Here are the strong arguments advanced against open carry. As usual, the arguments are about what might happen, not examples that they can point to of systematic problems.

"We think it's an accident waiting to happen," Amanda Wilcox, of the Brady Campaign to Prevent Gun Violence, said of gun-toting protesters mixing with frightened citizens in public places.

Wilcox said that allowing firearms in public – recently such a demonstration occurred in downtown Sacramento – sends the wrong message to children. . . .



Los Angeles Public Schools to teach that Arizona Immigration Law is Un-American

This is pretty bizarre. Any bets on whether the public school teachers will actually give the students a copy of the law to read?


New Fox News piece: Illegal Alien Legal Challenge

My new Fox News piece starts this way:

Little noticed, last Friday the Obama administration yet again tried to make it easier for illegal aliens to stay in the United States. In a brief filed with the Supreme Court, the administration asked the court to carve out a special exemption for businesses who break the law by hiring illegal aliens.

In every state, individuals must have a business license to do a huge range of jobs, be it a restaurant, stores, salvage, selling cars, cleaning people's houses, pest control, or other businesses. But people must get a criminal background check to get a license. Different states vary in terms of what crimes can disqualify one from getting a license -- some including misdemeanors not covered in other states.

Similarly, if you commit a crime, your business license is very likely to be revoked. The same is true for professional licenses for lawyers, doctors, or even barbers. The logic for these rules is pretty strong. If someone commits a crime, states have decided those people can't be trusted in dealing with consumers. . . .

UPDATE: Supreme Court to hear Arizona immigration law challenge

The nation's highest court agreed to decide whether the 2007 state law infringed on federal immigration powers and should be struck down.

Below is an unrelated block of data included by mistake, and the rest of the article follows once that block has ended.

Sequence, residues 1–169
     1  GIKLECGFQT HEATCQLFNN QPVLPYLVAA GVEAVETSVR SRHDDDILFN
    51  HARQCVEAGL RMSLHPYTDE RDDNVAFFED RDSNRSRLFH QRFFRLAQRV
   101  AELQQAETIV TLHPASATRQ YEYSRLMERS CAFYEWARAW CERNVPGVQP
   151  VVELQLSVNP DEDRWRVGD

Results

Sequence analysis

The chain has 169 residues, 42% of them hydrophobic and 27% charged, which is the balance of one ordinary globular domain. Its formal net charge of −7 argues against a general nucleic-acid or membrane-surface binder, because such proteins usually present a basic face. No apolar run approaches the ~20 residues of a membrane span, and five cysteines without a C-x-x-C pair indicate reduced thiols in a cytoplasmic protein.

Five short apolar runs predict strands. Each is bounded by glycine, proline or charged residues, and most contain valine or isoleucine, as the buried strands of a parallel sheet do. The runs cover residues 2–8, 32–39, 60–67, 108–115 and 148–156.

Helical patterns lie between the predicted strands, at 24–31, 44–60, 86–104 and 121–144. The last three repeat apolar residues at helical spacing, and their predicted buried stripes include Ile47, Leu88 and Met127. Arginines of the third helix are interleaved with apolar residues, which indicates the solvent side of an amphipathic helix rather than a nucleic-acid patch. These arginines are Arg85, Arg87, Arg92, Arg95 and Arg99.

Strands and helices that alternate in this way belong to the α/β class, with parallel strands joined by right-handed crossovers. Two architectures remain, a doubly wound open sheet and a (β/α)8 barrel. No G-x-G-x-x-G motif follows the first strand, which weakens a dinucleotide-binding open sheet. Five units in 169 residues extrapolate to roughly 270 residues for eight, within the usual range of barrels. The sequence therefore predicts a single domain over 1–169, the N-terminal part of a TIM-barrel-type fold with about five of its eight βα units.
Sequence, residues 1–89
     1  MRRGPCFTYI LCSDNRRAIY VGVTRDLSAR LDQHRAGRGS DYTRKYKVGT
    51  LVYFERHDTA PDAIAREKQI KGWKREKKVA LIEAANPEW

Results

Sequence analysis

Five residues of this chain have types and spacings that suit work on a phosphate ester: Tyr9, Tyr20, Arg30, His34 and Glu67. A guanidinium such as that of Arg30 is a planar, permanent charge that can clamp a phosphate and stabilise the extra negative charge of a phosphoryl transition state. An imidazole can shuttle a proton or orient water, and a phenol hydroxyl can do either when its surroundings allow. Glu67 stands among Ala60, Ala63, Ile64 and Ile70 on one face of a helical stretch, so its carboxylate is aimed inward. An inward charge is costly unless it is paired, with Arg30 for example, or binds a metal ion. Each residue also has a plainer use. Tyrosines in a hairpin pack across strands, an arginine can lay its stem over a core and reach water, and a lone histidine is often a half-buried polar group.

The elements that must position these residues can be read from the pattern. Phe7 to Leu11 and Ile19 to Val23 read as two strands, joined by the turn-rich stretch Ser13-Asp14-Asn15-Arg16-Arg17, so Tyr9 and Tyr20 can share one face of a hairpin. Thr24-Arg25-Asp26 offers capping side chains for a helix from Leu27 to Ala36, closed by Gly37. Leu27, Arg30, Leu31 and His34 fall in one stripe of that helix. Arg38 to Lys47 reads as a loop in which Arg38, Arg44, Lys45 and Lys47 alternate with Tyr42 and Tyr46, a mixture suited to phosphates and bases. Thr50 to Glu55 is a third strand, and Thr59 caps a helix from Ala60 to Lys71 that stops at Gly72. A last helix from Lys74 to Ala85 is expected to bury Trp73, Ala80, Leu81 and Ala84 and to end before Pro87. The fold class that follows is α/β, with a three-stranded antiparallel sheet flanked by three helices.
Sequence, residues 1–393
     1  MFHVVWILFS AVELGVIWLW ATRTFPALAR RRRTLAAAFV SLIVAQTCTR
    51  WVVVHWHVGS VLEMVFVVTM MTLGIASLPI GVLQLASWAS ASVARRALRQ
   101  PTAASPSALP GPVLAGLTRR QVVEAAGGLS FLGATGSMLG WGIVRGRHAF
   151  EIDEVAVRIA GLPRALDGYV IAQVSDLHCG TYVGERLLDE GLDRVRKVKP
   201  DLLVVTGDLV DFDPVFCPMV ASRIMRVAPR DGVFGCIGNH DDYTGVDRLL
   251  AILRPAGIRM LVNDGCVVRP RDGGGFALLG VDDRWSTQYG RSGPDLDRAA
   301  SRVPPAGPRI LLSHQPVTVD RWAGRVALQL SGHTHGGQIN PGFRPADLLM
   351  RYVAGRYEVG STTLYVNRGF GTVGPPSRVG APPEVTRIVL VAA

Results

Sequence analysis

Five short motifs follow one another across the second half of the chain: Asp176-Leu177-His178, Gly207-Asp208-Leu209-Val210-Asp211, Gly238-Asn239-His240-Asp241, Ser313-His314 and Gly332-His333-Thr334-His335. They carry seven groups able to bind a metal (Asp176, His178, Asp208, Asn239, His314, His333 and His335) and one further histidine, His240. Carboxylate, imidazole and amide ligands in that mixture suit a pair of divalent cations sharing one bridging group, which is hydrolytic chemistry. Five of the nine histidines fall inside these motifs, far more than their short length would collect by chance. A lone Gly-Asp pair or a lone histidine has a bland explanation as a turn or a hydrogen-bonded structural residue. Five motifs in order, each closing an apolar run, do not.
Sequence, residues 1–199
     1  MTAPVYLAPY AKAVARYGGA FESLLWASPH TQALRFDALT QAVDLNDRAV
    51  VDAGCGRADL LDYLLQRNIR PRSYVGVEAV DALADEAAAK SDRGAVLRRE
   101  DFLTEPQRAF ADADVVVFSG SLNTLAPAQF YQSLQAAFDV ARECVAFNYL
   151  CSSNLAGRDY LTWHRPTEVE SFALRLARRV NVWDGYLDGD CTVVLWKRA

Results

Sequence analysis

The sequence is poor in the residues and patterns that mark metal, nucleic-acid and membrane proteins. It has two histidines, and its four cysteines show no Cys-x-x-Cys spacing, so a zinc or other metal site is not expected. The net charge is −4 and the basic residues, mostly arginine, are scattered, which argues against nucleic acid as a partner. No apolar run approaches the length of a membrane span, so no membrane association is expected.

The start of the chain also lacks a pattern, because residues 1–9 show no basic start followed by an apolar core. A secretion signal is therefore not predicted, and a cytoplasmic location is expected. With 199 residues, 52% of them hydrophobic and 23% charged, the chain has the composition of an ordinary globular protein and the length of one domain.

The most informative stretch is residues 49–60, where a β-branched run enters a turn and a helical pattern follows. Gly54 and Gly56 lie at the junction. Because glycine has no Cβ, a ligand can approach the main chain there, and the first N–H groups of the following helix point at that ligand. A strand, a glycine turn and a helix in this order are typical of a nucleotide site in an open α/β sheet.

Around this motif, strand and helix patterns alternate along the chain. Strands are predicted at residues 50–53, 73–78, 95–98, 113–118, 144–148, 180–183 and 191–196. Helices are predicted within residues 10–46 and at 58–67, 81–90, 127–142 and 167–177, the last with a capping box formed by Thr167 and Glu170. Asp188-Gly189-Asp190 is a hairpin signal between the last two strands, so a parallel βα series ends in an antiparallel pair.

The law at issue in the case is different from the strict new Arizona immigration law passed earlier this year and criticized by President Barack Obama that requires the police to determine the immigration status of any person suspected of being in the country illegally.

But the Supreme Court's eventual decision in the case, depending on how the justices rule, could end up affecting the pending legal challenges to the new law as well.

The Obama administration last month urged the Supreme Court to rule that the 2007 law was preempted by federal immigration rules and would disrupt the careful legal balance that the U.S. Congress struck nearly 25 years ago.

The Arizona law suspends or revokes licenses to do business in the state in order to penalize employers who knowingly hire illegal immigrants. It also requires employers to use an electronic verification system to check the work-authorization status of employees through federal records. . . .

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New piece at National Review and NPR: Guns and Crime in Chicago

The newest piece that I have can be found here at NR and here at NPR:

The Chicago gun debate finally shows signs of changing. With the Supreme Court’s decision on the city’s gun ban imminent, people might be beginning to understand that gun bans don’t stop criminals from getting guns.